Marc Andreessen famously said that “Software is eating the world” and everyone gushed into the room. This was as much a writing on the wall for many traditional enterprises as it was wonderful news for the software industry.
Still no one actually understood what he meant.
To make his point he stated this example:
“Today, the world’s largest bookseller, Amazon, is a software company — its core capability is its amazing software engine for selling virtually everything online, no retail stores necessary. On top of that, while Borders was thrashing in the throes of impending bankruptcy, Amazon rearranged its web site to promote its Kindle digital books over physical books for the first time. Now even the books themselves are software.”
This was 2011.
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Interestingly, Andreessen also said the following:
“I, along with others, have been arguing the other side of the case…We believe that many of the prominent new Internet companies are building real, high-growth, high-margin, highly defensible businesses.”
(Read the full blog article at his a2z VC fund)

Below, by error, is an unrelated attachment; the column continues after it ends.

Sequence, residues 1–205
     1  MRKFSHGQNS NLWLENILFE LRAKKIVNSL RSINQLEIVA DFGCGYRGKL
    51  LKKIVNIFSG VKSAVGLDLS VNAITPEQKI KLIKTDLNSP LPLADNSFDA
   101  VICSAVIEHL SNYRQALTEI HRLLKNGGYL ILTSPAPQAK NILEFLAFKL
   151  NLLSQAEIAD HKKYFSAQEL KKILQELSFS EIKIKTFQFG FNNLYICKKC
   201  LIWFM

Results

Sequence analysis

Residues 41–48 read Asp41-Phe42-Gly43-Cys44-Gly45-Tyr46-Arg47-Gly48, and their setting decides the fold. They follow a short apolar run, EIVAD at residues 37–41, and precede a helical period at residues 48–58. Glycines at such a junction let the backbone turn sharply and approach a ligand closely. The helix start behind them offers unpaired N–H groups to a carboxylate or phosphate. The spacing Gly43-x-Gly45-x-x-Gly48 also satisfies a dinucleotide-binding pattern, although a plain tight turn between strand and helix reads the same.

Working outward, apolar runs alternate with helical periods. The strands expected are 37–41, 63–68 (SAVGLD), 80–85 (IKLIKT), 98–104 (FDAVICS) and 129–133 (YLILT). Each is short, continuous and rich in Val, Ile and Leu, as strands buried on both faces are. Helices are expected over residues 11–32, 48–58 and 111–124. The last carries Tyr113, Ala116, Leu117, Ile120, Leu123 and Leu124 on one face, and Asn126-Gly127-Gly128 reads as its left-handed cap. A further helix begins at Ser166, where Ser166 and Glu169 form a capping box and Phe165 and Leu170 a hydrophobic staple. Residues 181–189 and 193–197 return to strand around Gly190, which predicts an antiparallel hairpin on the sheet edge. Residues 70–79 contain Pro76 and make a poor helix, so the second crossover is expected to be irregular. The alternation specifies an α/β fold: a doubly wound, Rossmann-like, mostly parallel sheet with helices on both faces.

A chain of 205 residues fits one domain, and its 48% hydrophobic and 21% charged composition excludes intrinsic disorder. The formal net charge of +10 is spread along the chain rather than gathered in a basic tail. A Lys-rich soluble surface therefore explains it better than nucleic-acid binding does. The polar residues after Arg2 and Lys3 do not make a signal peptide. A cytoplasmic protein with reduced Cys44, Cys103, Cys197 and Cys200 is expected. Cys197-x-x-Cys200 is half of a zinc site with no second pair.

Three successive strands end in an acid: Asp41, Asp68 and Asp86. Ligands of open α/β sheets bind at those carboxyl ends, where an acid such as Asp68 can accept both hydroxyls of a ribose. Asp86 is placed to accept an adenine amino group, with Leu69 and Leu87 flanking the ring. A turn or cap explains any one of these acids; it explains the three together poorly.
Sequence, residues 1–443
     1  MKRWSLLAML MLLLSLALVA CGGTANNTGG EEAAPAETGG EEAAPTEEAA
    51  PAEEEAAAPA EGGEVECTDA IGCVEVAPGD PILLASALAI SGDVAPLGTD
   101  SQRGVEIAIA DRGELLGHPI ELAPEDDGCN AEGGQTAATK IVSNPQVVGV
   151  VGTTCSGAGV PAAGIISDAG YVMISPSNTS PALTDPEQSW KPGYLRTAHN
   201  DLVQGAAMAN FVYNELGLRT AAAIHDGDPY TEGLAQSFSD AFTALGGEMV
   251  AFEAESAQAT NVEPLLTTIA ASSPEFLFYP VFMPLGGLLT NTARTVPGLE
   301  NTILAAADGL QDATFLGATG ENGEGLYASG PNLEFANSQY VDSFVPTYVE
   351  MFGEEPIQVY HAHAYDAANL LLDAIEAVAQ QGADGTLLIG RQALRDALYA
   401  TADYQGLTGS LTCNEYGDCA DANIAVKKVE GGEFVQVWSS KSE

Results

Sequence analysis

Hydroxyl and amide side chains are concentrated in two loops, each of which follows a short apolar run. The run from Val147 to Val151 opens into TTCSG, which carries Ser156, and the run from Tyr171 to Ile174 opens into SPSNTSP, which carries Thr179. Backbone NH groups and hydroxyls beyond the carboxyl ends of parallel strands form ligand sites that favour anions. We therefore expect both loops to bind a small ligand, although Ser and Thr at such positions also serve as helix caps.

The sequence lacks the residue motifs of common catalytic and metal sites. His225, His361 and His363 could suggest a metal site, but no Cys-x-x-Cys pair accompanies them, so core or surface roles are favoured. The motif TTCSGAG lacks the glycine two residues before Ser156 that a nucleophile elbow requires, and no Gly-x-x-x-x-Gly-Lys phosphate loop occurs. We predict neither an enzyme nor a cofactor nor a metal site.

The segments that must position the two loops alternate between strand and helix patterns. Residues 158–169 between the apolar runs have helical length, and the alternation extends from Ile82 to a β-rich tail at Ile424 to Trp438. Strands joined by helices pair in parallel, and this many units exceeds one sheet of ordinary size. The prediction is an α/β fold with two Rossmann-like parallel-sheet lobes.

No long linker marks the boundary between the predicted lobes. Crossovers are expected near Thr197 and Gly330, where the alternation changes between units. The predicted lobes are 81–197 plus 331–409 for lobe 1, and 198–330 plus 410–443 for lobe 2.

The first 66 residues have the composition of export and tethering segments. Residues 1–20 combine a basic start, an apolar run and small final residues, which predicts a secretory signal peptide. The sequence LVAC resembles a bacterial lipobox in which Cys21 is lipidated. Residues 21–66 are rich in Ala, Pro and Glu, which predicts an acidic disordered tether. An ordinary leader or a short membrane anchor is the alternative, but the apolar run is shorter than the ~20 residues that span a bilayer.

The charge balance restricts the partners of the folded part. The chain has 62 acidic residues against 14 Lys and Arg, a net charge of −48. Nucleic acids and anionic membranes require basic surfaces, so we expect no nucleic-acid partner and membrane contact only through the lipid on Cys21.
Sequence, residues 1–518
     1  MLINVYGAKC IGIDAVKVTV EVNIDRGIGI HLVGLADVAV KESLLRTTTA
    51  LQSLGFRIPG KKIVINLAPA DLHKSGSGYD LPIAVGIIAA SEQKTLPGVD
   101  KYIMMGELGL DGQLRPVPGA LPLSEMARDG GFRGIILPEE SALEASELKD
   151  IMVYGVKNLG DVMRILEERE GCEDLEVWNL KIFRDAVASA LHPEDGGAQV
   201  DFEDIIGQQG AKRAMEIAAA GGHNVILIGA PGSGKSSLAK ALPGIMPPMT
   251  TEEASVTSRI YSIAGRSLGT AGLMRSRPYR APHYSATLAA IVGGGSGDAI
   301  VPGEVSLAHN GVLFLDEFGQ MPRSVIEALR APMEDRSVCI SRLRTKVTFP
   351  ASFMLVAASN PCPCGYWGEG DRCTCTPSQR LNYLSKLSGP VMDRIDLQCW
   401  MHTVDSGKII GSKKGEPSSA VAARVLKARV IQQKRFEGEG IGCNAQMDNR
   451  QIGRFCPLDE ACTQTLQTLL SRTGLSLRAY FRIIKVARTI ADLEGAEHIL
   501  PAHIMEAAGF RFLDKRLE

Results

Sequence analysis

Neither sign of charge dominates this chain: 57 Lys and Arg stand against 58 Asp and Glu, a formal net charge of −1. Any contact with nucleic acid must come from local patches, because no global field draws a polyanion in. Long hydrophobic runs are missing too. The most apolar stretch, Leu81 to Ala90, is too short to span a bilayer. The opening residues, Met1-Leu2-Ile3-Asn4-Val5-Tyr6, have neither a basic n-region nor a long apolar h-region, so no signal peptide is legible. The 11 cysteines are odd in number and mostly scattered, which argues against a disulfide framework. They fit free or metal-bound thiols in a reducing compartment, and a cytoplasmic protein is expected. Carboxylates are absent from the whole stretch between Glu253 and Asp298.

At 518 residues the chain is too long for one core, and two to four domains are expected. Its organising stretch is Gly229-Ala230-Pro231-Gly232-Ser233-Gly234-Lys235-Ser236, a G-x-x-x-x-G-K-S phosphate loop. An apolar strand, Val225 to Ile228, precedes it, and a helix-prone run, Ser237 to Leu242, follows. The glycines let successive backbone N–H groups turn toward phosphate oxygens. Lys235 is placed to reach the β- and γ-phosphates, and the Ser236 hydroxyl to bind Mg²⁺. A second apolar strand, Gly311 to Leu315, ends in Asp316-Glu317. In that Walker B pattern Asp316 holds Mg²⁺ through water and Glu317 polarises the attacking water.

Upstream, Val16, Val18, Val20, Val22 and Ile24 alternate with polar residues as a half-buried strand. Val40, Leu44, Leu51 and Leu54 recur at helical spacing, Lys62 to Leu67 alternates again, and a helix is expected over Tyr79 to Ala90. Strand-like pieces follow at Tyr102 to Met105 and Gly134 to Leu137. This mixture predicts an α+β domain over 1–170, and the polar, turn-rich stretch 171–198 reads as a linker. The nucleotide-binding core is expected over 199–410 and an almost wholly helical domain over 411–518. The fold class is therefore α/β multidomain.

Little did Andreessen envision that the same software industry could be at risk of being eaten.
Fast forward to 2019 and the very same software industry is nervous. Very very nervous!
And the reason is AI.
Especially for those who haven’t bulked up their AI warchest.
Acceleration Wave (2009 – 2019) – When Software Started Eating the World
Andreessen was right.
The companies that embraced software in 2011 are the current market leaders in their respective fields, and the top 5 market capitalization companies worldwide in the second quarter of 2019 are all offering some type of software solutions (ycharts.com).
Concurrently, the period since 2011 has shown an unprecedented growth in the developments in AI. Although several key ideas about AI have been around for long, a number of processes have accelerated their potential use.
First, computing power, in particular for specialized AI chipsets, has vastly increased.
Second, the amount of training data for AI algorithms is exploding with the advent of data lakes and a fully connected internet-of-things world, expanding AI domains and decreasing the costs to train algorithms.
Third, a large number of technological bottlenecks (such as vanishing gradients) have been solved over the last few years, massively increasing accuracy and applicability of existing algorithms.
Lastly, the decrease in costs for cloud storage and computing plus the facilitation of distributed collaborative working, made combining highly specialized knowledge easier than ever before.
The extent in which Andreessen’s cherished software companies are weaving AI into their products is however often limited. Instead, a new slew of start-ups now incorporates an infrastructure based around the above mentioned AI-facilitating processes from their very foundation.